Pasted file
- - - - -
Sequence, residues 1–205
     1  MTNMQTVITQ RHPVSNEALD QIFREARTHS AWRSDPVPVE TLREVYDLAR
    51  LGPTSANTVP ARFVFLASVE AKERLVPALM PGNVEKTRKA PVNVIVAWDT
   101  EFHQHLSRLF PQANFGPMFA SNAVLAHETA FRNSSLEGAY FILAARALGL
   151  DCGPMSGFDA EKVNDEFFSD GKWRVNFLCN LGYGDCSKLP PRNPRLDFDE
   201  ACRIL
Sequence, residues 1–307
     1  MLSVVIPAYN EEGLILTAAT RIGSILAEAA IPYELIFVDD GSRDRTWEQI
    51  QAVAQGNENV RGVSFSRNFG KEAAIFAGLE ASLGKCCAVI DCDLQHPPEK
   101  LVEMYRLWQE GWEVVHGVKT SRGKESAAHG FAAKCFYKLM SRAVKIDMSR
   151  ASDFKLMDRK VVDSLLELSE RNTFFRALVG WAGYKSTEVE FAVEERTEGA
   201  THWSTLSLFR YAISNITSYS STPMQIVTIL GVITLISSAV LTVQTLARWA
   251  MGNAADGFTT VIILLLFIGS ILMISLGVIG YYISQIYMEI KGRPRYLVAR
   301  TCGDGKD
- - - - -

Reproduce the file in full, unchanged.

Sequence, residues 1–205
     1  MTNMQTVITQ RHPVSNEALD QIFREARTHS AWRSDPVPVE TLREVYDLAR
    51  LGPTSANTVP ARFVFLASVE AKERLVPALM PGNVEKTRKA PVNVIVAWDT
   101  EFHQHLSRLF PQANFGPMFA SNAVLAHETA FRNSSLEGAY FILAARALGL
   151  DCGPMSGFDA EKVNDEFFSD GKWRVNFLCN LGYGDCSKLP PRNPRLDFDE
   201  ACRIL
Sequence, residues 1–307
     1  MLSVVIPAYN EEGLILTAAT RIGSILAEAA IPYELIFVDD GSRDRTWEQI
    51  QAVAQGNENV RGVSFSRNFG KEAAIFAGLE ASLGKCCAVI DCDLQHPPEK
   101  LVEMYRLWQE GWEVVHGVKT SRGKESAAHG FAAKCFYKLM SRAVKIDMSR
   151  ASDFKLMDRK VVDSLLELSE RNTFFRALVG WAGYKSTEVE FAVEERTEGA
   201  THWSTLSLFR YAISNITSYS STPMQIVTIL GVITLISSAV LTVQTLARWA
   251  MGNAADGFTT VIILLLFIGS ILMISLGVIG YYISQIYMEI KGRPRYLVAR
   301  TCGDGKD